8. The words “given the limited success of the appellant on the issues raised below” which preface the order for costs indicate that his honour was intending to limit the order for costs in some way. The following words limit the order for costs to “relate to the challenge made by the worker to the Form 5”. It is clear that His Honour wanted the costs order to be limited to the challenge to the Form 5 however he did not go on to limit his order to relate only to the issue of the invalid medical certificate. Accordingly I can only tax the Bill of Costs on the basis that any costs which relate to the challenge of the Form 5 including those costs incurred by the worker rebutting the employer’s claim in the Form 5 that the worker no longer had a capacity to work. Costs relating solely to the counterclaim have been disallowed.
9. On that basis I have taxed the costs accordingly. I reserved my ruling at the taxation in relation to how much of the hearing costs I allow and whether it is reasonable for the solicitor to charge for the costs of their clerk typing up counsel’s submission because Counsel does not have staff to do it for him. I gave each party the opportunity to provide me with written submissions on both items. I only received submissions from the Employer.
10. In relation to the hearing costs I allow the costs of the solicitor’s attendance at hearing with the exception of one day. I come to that conclusion because even on the Employers’ submissions a lot of the hearing time was taken up with evidence and submissions regarding the incapacity of the worker to work. The incapacity issue is raised in both the Form 5 and the counterclaim and therefore as it is raised in both and cannot be separated then I must allow it a part of the costs relating “to the challenge made by the worker to the Form 5”.Therefore items 269 –277 are allowed (taking into account one hearing day has been conceded ie 16% of the 6 days of hearing) and Item 222 & 223 are allowed less 16% for time spent on counterclaim ie taxed off $384.00.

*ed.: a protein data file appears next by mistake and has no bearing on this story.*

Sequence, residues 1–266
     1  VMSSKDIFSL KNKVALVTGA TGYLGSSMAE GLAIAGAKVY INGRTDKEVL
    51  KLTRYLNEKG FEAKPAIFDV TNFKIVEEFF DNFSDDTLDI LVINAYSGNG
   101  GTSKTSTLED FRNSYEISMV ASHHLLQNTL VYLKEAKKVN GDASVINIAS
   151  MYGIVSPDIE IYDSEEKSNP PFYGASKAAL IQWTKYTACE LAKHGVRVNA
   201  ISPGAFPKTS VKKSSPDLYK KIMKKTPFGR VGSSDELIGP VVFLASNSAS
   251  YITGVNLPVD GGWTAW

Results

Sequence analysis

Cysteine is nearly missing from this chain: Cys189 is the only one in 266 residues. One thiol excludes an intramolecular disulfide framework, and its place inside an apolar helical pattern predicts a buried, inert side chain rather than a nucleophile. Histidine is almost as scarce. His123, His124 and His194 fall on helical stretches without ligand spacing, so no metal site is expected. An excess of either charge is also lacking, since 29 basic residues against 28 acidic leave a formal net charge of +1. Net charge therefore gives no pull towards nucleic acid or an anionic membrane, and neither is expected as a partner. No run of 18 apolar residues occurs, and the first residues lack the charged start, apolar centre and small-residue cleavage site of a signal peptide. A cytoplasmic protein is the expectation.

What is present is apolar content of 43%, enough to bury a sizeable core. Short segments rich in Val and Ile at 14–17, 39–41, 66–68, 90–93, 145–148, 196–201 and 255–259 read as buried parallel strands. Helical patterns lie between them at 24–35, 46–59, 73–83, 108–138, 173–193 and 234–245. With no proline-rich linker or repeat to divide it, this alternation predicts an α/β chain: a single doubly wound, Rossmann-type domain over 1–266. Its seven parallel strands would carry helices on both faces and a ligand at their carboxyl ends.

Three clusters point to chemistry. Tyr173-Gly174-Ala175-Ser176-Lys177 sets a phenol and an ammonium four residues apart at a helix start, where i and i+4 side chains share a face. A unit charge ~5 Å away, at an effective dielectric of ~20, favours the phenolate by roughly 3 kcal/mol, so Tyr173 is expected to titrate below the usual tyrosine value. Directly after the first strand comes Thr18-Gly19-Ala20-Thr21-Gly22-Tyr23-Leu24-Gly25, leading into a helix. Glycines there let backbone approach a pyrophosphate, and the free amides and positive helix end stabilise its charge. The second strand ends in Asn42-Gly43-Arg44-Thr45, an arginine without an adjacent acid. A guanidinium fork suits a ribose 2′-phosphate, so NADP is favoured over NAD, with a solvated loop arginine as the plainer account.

11. In relation to the costs of the solicitor’s clerk typing up counsel’s submission I am going to disallow any such claim. Counsel is briefed to advise and appear that includes preparing submissions to present to the court whether in written or oral form. Counsel’s fees are generously set by guidelines and practice and in my view included in those fees are the costs of the overheads of producing written advice or written submissions. If counsel chooses not to employ someone to do his typing that is his choice and if he reaches an agreement that his submissions are typed up by the solicitors clerk that is a matter between him and the solicitor. In my view it is not reasonable or necessary for the worker to claim typing time when if another counsel had been used that time would have been included in his overheads (and in his brief fee as set). It is not evident to me that this Counsel is charging so much less than the expected rate for a barrister of his experience and therefore there has been no allowance in his fee for the fact that he does not pay anyone to type his work.
12. I therefore tax and allow the Bill of costs as follows:
Brought in at $19240.00
Taxed off $3427.00
Care and conduct 25% $3953.25 $19766.25
Attendance at hearing
Brought in at $7840.00
none taxed off because one day conceded $7840.00
Brought in at 873.00
Short charges for attendances
allowed 15 units 10.12.2001
37 units solicitors time 884.00
39 units clerks time 312.00
Taxed off 43.00
plus GST 10% 203.00 $2229.00
Taxing fee 338.00
Counsels fees brought in at 36250.00
– taxed off costs relating to appeal
letter – 250.00,
call to Owen Downs $20.00,
Conferences 3.5hours –790.00
one day of hearing – 1820.00 2910.00 34045.68
13. Therefore costs are allowed at $29835.25 and disbursements are allowed at $34751.36
Dated this 11th day of February 2002.
Tanya Fong Lim